Hill & Ellis's Duke Bike Bag is a beautifully made, high-quality leather pannier. If it suits your needs in terms of volume and size, and fits your rack, there's very little to fault – and a lot to love.
The Duke is handmade in leather, in this one cherry red and brown colour only, and the quality of construction really is excellent. The stitching is strong, every bit of metalwork is firmly attached, and though a few scuffs have appeared at the bottom corners, everything looks like it'll last, and in terms of looks the whole bag will probably just get better with age.
Inside, the bag is lined with Hill & Ellis's 'signature' stripy cotton print. There's a padded compartment big enough for a 13in laptop according to Hill & Ellis, though a 15in will squeeze in, with a leather tab that poppers into place to hold it in.
On the opposite side of the bag, which is also padded, there's a zipped valuables pocket (the zip having a leather surround), and a leather fob so you don't have to fumble about for your keys.
The bag is rigid and holds its shape whether full or empty, standing on five metal feet when not on the bike. With an internal capacity of 15.5 litres there's plenty of room for far more stuff than I tend to carry on my daily commute, and there's no cinching it in to reduce the size if it's not full. It is quite a bulky bag, measuring 47x33.5x13cm, and I'd suggest you check how much you really need to carry regularly on your bike before you buy.
It has leather carry handles, which popper together with a bit of effort – for some reason I always find the popper on our test bag quite reluctant to snap together, and then it suddenly does after a few attempts. The handles are stitched into the perfect shape for carrying and come to the hand very nicely I must say.
There's a detachable shoulder strap too. Again, I find it quite hard to attach the hooks for some reason, then they'll suddenly snap into place and I wonder why I was having a problem. It does suggest they're secure though. It's not the most comfortable strap for carrying a heavy bag – a padded section for your shoulder would be nice here – but again it seems top quality, with faultless stitching and strong buckles. It's adjustable too.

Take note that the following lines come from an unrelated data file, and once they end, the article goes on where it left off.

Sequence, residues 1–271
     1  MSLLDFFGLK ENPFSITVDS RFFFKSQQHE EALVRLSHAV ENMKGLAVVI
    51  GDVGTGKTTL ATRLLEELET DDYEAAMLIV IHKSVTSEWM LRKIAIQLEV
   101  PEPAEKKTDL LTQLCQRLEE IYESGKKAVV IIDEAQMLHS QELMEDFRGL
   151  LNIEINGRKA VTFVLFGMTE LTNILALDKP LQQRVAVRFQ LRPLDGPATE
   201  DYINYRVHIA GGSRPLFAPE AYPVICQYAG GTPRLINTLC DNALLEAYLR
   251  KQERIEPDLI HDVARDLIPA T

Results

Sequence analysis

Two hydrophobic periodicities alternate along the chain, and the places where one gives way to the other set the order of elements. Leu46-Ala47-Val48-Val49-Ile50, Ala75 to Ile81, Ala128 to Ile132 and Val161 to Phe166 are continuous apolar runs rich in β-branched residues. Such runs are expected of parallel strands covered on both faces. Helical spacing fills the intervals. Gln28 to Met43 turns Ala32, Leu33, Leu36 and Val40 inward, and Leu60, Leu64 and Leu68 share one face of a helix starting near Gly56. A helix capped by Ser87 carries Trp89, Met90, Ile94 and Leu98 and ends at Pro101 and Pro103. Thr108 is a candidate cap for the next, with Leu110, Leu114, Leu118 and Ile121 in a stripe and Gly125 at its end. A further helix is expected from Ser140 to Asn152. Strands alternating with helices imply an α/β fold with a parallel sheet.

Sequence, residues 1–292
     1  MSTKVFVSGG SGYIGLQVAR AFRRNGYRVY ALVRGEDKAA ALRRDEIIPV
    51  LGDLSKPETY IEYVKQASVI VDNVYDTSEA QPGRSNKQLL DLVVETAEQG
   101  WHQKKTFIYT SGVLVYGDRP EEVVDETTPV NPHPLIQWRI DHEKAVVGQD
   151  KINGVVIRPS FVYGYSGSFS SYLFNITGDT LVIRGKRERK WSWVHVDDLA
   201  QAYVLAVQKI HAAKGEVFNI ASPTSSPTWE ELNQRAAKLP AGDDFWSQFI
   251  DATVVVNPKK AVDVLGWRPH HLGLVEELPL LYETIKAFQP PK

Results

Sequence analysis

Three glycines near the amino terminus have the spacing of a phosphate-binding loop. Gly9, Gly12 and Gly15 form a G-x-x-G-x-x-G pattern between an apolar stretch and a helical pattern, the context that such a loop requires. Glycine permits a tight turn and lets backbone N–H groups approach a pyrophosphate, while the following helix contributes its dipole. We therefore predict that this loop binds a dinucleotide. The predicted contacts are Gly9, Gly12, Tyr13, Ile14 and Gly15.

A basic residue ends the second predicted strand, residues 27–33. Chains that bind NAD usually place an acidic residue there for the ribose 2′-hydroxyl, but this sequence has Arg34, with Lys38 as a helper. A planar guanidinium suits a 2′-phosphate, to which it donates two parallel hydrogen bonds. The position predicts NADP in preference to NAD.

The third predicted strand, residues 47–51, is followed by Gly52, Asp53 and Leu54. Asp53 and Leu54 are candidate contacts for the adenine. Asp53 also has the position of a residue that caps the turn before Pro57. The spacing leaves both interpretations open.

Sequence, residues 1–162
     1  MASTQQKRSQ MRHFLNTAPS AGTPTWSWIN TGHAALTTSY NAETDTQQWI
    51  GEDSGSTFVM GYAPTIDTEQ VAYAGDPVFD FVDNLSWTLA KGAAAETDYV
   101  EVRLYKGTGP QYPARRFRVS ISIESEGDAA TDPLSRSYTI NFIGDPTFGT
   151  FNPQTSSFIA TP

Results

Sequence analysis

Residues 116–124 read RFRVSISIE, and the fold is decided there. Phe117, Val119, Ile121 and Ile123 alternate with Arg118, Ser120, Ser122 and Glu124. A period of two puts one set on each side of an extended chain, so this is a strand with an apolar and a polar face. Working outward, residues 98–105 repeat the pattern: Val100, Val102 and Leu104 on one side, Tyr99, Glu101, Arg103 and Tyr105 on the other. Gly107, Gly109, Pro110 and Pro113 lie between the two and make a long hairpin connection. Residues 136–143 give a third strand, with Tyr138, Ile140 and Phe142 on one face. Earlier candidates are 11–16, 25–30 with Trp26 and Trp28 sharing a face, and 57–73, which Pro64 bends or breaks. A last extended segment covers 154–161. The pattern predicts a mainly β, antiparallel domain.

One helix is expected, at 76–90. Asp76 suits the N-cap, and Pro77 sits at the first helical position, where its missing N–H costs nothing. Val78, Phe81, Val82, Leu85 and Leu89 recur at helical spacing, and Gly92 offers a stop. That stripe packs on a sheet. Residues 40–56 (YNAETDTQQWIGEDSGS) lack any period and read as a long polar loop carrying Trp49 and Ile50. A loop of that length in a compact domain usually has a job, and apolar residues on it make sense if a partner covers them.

One thing I really like about this bag, on top of the quality, look and smell, is the way the rack hooks can be hidden away under a zipped flap. Zipped up, it looks like an external pocket, and no one in the boardroom would know it's a bicycle pannier...
On the other hand, it also gets a bit mucky from spray when in use, as it sits open over your rack. It's lined with a nylon fabric you can wipe clean, so not exactly a huge problem.
The whole bag can be kept clean by wiping with a damp cloth, and Hill & Ellis recommends using a good quality leather balm once a month to clean and protect the leather.
If conditions dictate, you can also bring out the disappointingly unglamorous waterproof cover – an elasticated, bright yellow, nylon ripstop number that fits a bit loosely around the bag, though it does the job, with reflectives frontish and rearish.
For much of the test period the roads were so grotty that, rather than cycling around with a stylish looking leather case on my bike, I found myself transporting my things in a big yellow flappy thing, all elegance hidden underneath.
It does seems a shame that, with so much thought and craftsmanship having clearly gone into the bag itself, the waterproof cover isn't a slightly more appealing design.
On dry days, with the leather on show, you can make use of the two reversible tabs front and rear: on one side, leather; on the other, reflective. Nice. At one end you'll also find a small zipped pocket, again lined in the stripy fabric.
So far, all so good.
However, although one of the features Hill & Ellis highlights is the patented hooks, which adjust to fit racks with tubing between 6mm and 16mm in diameter, there's no horizontal adjustment. Every pannier I have ever used has hooks you can slide along to fit the spaces on your rack and let you position the pannier where you want it.
My custom-made Paulus Quiros bike has a custom-made rack, and the Duke bag sat too far forward on it, so my heels would catch on it. This could be partly because the frame is quite small; on a larger bike, I'd imagine the bag would sit higher and further away. I tested it out on some off-the-peg racks and on most it was a better fit, but not all. The only way I could get it to fit far enough away from my heel was to position the rearward clip at the very end of my rack, beyond any widthways struts. It stayed in place, but doesn't seem ideal.
Helping it stay on the rack is a clever but very simple little fold-out clip, which stops you – or opportunist thieves – quickly hoicking the Duke off your bike.
This lack of horizontal adjustment was my biggest grievance with the bag. I'm not sure positioning it further forward makes it more secure, but I can't help thinking it shouldn't have to sit so far back. If it fits your rack, though, it's academic.
Its near-2kg weight empty is also something to consider, depending on where you live. If your commute is shortish and flattish it's less of a drawback than if you have a hilly, seven-mile ride home, for example.